Are you sure Goforth was speaking about Korea? because he was a missionary in China as far as I know.
  9. Like
    Alimantado reacted to HappyChristian in Question about looking for a local church...   
    I do agree that churches may start out wrong and right themselves. There have been churches that began in the Southern Baptist Convention and then pulled out to become Independent. We know a man who was assistant pastor at a pentecostal church. Both he and the pastor, through study and prayer, realized the error of the teachings and became Baptist (the church did, too). He is now, after pastoring for many years, an evangelist). 
    When people sincerely seek the Lord, He will right errors.
  10. Like
    Alimantado reacted to Salyan in Question about looking for a local church...   
    I agree with the point on churches that start out 'wrong', or adopt wrong practices, can become 'good' again. The past history of a church is less important than where it currently stands (although that history might give some good context - a long-standing sympathy with Reformed doctrine, over-leniency with church membership, etc.)  I disagree with the idea of a pastor needing to have more than one child - but I'll take that to another thread. ;)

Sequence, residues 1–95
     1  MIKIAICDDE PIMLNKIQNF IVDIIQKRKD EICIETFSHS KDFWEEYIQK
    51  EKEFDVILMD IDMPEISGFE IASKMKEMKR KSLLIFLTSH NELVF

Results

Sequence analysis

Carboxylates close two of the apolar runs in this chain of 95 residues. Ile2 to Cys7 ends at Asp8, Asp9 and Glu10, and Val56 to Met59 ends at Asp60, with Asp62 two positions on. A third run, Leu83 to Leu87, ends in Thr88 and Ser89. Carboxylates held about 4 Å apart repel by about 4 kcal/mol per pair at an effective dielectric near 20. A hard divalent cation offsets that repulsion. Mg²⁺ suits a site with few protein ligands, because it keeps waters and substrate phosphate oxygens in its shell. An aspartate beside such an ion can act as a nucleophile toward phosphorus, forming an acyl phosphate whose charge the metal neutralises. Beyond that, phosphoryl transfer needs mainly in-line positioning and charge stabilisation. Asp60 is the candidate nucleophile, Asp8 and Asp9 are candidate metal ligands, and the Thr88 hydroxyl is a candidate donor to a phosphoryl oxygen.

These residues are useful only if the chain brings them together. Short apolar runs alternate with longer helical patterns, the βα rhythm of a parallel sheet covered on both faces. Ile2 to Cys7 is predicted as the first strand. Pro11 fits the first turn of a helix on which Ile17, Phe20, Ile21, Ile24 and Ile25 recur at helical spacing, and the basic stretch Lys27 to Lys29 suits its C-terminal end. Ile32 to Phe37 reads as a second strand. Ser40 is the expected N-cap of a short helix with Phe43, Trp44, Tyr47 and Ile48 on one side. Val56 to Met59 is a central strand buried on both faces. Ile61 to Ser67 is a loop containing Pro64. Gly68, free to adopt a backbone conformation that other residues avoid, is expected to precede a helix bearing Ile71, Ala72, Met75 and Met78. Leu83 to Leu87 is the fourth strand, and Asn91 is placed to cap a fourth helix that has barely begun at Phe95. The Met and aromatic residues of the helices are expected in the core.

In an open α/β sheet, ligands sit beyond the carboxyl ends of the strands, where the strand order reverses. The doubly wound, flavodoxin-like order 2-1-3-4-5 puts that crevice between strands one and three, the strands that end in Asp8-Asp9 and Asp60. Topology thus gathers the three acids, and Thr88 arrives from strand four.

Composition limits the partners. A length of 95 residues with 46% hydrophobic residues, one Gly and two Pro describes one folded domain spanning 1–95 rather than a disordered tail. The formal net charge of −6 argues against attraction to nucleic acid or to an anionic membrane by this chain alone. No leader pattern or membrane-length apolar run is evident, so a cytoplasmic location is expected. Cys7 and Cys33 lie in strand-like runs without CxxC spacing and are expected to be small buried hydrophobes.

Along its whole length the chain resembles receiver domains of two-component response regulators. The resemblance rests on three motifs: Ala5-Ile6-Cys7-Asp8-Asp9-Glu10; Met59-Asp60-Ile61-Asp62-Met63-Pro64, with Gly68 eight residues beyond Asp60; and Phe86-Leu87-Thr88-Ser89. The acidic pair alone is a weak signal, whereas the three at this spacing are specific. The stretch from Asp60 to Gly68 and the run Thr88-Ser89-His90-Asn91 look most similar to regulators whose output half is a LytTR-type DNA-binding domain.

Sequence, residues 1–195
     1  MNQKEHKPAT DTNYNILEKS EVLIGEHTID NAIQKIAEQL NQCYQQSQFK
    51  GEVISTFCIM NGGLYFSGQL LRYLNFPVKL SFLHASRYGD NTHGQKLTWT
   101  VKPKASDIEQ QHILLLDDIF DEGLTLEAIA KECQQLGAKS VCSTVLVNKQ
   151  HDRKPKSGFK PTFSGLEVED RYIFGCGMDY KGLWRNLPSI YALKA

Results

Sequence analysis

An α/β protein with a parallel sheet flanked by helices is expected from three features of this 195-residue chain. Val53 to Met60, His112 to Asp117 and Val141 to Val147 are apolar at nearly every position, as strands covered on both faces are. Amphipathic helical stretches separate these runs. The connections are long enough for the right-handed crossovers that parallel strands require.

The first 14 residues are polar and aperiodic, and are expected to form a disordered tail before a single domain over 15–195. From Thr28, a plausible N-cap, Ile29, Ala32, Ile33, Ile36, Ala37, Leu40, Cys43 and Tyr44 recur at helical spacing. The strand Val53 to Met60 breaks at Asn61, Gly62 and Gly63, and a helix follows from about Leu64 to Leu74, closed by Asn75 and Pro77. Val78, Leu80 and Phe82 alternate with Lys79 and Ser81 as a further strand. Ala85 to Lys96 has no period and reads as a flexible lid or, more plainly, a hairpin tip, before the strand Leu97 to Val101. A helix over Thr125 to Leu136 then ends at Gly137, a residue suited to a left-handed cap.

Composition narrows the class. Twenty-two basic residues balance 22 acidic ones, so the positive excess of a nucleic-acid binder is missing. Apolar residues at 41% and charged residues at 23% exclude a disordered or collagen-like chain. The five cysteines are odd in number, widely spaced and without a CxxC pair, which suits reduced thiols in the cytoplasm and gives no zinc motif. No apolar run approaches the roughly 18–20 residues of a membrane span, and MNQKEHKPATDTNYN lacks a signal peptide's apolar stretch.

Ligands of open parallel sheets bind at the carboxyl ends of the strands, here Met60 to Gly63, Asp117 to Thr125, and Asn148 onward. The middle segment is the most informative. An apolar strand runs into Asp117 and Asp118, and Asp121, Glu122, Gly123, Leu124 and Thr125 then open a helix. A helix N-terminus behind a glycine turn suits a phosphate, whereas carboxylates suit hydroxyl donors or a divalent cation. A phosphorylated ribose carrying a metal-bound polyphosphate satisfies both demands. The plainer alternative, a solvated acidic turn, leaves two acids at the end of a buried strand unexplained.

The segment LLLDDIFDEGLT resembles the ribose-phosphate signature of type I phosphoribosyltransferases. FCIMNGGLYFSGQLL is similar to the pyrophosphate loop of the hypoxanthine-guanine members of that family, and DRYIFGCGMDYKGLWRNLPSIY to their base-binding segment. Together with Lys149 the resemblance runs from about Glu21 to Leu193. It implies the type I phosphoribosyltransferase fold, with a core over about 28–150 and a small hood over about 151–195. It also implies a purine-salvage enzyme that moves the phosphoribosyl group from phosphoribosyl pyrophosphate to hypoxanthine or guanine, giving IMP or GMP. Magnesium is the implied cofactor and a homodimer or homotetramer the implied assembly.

Last night, I was reading the account from Jonathan Goforth on the revival in Korea in the early 1900's. He told of an incident in Korea where a rural man visited a city during the revival, heard the Gospel preaching and obtained a Bible. He took that Bible back to the county with him, and read it to his friends, until about 50 of these rural people believed (the story doesn't say when exactly the first man got saved). They understood from the Scriptures that they should be baptized, and part of a church body, but they weren't sure how to go about it (seeing as there was no missionary, pastor, or even original evangelist). After reading and praying extensively, they came to the conclusion that they should all go home and have a bath, and then meet back and start a church. :D